Wales and GB judoka Natalie Powell says she believes the Tokyo Olympics will be safe, as she aims to move a step closer to securing her spot there.
The world number four finished fifth at the Doha Masters in Qatar.
The re-arranged Tokyo Games are due to begin in less than 200 days.
But the city recently declared a state of emergency over rising Covid-19 cases and one IOC member admitted the Games were not guaranteed to go ahead.
Powell says she knows the Olympics will be a very different experience to Rio 2016 but she is confident they can be put on safely.
“I’ve seen a lot of events going on in what I considered a safe manner with lots of testing and protocols and bubbles,” she told BBC Sport Wales.
“So I think we’re in a much better place now to hold a safe Games. Japan are fully capable of doing that.
“I would love spectators to be there but that might be a stretch too far. But I would hope the athletes can all be there and compete.”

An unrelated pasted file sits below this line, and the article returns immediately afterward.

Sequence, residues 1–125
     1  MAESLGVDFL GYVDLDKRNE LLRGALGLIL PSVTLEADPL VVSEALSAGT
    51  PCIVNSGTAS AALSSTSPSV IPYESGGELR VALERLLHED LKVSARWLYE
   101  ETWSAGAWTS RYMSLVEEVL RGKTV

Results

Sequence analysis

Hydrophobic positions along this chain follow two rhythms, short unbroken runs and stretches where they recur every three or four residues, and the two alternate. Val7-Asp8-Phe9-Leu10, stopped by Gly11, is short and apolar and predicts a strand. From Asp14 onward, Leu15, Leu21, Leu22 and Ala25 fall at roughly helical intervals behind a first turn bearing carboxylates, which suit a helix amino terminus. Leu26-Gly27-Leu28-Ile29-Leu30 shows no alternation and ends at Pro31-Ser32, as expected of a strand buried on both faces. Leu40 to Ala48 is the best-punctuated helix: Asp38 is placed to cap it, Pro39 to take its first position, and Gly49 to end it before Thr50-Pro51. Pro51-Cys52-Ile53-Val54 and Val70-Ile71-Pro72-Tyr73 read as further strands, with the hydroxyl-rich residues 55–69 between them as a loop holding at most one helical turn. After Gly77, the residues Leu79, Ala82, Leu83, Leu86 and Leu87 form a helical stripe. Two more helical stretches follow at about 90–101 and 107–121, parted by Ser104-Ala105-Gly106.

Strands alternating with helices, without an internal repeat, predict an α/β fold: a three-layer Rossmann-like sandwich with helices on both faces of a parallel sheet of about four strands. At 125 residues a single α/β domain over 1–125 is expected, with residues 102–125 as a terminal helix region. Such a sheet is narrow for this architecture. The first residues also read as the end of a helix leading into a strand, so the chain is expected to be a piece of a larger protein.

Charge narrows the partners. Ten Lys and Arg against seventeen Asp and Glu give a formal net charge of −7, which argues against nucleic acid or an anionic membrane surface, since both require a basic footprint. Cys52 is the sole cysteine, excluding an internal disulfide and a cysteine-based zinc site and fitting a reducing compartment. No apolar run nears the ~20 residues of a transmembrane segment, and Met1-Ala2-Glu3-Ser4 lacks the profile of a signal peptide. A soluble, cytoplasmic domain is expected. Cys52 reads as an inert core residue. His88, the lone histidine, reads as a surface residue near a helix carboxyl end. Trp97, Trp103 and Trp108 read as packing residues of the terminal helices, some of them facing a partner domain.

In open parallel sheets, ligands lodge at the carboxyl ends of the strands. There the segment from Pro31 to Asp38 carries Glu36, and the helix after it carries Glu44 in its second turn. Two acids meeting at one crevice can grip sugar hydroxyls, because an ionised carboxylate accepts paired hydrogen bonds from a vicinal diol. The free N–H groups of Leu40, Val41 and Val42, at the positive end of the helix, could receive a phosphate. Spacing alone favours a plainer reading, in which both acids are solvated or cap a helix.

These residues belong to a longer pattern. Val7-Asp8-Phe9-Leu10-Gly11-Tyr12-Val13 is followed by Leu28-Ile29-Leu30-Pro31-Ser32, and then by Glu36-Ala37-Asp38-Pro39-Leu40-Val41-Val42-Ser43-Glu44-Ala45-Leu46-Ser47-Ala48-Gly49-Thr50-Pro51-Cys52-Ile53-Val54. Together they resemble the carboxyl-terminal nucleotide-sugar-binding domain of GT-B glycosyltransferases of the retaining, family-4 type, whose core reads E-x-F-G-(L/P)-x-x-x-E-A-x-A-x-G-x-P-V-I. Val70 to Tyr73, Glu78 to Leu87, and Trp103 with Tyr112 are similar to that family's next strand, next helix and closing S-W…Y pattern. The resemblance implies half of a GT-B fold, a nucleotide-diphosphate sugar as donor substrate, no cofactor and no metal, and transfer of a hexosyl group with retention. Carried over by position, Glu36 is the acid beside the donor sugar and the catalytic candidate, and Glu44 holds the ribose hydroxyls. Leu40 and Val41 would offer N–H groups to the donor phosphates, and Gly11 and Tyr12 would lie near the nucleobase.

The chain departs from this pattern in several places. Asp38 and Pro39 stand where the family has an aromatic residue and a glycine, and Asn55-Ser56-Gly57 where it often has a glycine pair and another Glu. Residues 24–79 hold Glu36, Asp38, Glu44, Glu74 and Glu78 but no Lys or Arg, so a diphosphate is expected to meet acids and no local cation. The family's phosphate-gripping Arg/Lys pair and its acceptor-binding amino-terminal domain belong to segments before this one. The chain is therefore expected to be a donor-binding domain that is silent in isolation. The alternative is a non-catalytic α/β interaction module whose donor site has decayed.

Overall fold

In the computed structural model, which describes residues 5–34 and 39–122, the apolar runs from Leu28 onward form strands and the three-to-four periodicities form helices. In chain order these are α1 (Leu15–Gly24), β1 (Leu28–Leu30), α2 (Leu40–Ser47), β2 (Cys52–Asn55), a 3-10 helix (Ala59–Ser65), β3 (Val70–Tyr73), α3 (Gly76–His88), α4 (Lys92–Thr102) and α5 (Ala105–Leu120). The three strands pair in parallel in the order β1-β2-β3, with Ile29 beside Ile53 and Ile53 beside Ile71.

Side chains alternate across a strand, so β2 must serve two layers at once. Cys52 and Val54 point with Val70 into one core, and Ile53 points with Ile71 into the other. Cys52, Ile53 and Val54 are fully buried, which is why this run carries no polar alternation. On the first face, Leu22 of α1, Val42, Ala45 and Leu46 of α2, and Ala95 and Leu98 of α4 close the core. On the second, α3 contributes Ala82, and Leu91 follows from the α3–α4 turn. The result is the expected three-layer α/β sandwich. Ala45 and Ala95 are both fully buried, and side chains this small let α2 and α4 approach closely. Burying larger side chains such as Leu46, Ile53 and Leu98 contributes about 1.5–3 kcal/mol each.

‘A business Games’
After feeling like she has been ‘training forever’, the Welsh judoka finally returned to the mat in Doha.
Pwell lost to world number one Malonga Madeleine in the semi-finals of the Doha Masters and was later beaten by Kosovo’s Loriana Kuka in the bronze medal fight.
Before the Doha Masters, 30-year-old Powell had last competed at the Israel Grand Prix in January 2020, where she won gold.
GB Judo make their first round of Olympic selections later this month.
Powell says her strength and fitness is as good as it has been, but she will not know what shape her judo is in until her first fight is under way.
“Judo is much more subjective,” she admits.
“It’s hard to measure but I feel like I’m in a really good place. I’ve got some new moves and practised a lot. [Wednesday] will be the gauge.”
Powell says she had two tests for Covid before she could fly out and must test negative twice more before she is allowed to fight.
But the ‘extra layer of stress’ it adds is the price to pay for a safe sporting event these days.
It all adds up to a very different feel to this Olympic year.
“I’m really excited for the Games,” continues Powell. “But it’s not going to be like it was in Rio or like any other Games beforehand.
“Potentially athletes will have to leave two days after they compete whereas in Rio we stayed another ten days and enjoyed the whole experience. So I feel lucky I was able to do that in Rio.
“I think it just makes this more of a business Games. You’re there for one reason only and you’ve got to deliver.”
Inspired to try judo?
Find out how to get into judo with our special guide.